Solomon Mahlangu's mother dies
The mother of the late freedom fighter Solomon Mahlangu has died, the African National Congress said on Wednesday.
"The ANC has learnt with deep sadness of the passing of the mother of the late Solomon Mahlangu today [Wednesday] in the Steve Biko Academic Hospital in Pretoria," said spokesman Jackson Mthembu.
He said President Jacob Zuma had visited her at the hospital on Monday.
Mahlangu was a freedom fighter in her own right.
"Martha Mahlangu was constantly harassed by the police and security agents throughout before and after the execution of her son, Solomon, at the gallows in April 1979."
She played a major role in supporting families of those who were facing execution, and was a pillar of strength as someone who had experienced the trauma of losing a son at the brutal hands of the apartheid regime, he said.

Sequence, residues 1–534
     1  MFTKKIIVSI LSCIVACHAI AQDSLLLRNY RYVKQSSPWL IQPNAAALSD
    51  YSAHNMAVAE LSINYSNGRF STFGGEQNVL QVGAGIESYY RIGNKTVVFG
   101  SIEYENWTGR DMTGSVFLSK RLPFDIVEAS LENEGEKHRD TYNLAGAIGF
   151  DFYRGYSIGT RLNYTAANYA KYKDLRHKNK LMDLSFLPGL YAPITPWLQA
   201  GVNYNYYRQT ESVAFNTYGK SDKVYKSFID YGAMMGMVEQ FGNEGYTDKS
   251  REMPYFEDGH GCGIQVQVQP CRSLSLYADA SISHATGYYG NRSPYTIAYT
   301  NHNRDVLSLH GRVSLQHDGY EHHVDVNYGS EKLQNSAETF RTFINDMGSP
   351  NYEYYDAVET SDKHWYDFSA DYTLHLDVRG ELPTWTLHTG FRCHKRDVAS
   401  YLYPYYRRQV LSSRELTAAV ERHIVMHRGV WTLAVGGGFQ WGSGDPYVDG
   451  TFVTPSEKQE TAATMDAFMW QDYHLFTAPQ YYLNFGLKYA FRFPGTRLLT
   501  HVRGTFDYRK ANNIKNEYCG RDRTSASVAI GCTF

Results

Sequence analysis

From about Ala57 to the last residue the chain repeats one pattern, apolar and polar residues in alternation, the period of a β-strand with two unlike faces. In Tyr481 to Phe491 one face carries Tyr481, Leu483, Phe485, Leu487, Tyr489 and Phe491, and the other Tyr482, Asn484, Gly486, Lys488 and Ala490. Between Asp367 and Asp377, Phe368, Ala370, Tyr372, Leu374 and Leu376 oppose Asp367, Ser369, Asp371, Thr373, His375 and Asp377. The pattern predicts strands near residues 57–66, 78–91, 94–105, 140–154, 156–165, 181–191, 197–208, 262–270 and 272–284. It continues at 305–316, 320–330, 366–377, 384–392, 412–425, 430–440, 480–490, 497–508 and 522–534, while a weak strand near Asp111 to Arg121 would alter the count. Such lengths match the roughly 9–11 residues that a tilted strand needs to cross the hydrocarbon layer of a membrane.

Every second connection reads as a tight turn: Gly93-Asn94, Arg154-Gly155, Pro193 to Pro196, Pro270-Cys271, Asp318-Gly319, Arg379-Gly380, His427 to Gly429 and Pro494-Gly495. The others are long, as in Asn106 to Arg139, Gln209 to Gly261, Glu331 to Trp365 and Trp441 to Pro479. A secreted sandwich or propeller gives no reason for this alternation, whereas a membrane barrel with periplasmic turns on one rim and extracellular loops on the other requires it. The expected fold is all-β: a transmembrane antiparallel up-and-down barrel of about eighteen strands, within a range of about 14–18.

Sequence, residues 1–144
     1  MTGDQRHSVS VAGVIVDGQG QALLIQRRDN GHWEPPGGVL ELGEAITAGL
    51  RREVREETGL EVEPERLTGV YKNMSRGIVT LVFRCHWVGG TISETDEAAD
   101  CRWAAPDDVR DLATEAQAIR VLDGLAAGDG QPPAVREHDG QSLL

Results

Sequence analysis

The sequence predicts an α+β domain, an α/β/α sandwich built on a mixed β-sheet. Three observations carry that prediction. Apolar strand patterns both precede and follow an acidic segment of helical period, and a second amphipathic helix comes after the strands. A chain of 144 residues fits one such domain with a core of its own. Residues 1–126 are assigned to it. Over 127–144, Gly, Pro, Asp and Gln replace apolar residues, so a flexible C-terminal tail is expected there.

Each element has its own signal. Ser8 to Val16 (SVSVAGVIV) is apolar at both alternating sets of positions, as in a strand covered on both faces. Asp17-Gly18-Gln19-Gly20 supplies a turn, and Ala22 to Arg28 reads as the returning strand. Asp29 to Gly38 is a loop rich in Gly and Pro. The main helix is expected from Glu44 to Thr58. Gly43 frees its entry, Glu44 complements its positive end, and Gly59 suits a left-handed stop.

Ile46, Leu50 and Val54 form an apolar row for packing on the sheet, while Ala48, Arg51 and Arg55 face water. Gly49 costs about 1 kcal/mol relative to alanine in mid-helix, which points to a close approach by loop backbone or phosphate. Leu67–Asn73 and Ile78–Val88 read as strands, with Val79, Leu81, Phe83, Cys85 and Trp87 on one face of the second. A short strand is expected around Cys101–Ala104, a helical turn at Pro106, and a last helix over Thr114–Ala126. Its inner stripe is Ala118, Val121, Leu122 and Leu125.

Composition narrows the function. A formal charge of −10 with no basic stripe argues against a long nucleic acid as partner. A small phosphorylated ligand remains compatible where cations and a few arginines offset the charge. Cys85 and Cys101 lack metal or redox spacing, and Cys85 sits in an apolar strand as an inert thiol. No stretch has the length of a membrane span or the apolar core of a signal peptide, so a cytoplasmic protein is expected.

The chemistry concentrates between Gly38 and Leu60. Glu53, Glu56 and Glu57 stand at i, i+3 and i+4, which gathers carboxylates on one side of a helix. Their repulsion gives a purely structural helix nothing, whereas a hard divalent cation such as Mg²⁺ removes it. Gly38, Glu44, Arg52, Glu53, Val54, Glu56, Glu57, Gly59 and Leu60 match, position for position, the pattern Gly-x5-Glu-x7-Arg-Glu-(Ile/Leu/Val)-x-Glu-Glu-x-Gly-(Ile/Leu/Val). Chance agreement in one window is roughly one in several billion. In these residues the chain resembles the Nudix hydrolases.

"Together we will move South Africa forward to ensure that the ideas Martha Mahlangu cherished; fought, lived and died for, will never die," Mthembu said.
Her son, Solomon "Kalushi" Mahlangu, was hanged at the Pretoria Central Prison on April 6, 1979.
He had been charged for the murder of two white civilians in Johannesburg two years earlier.
Mahlangu left the country in 1976 after the Soweto uprising, at the age of 19. He was sent to Angola, where he received military training.
A year later, he returned home as a member of the armed wing of the ANC, Umkhonto we Sizwe (MK).
He returned with a mission to join student protests commemorating the Soweto massacre.
He never made it to the protests. He and his team, Monty Motloung and George "Lucky" Mahlangu were accosted by police in Johannesburg, and in the gunfight that followed, two white civilians were killed.
George Mahlangu escaped. Solomon and Monty Motloung were captured. Monty was so brutally beaten during the course of his capture that he suffered severe brain damage leaving him unfit to stand trial.
Mahlangu had not fired a shot, but was left to face the murder charges alone.
Would you like to comment on this article? Register (it’s quick and free) or sign in now.
Please read our Comment Policy before commenting.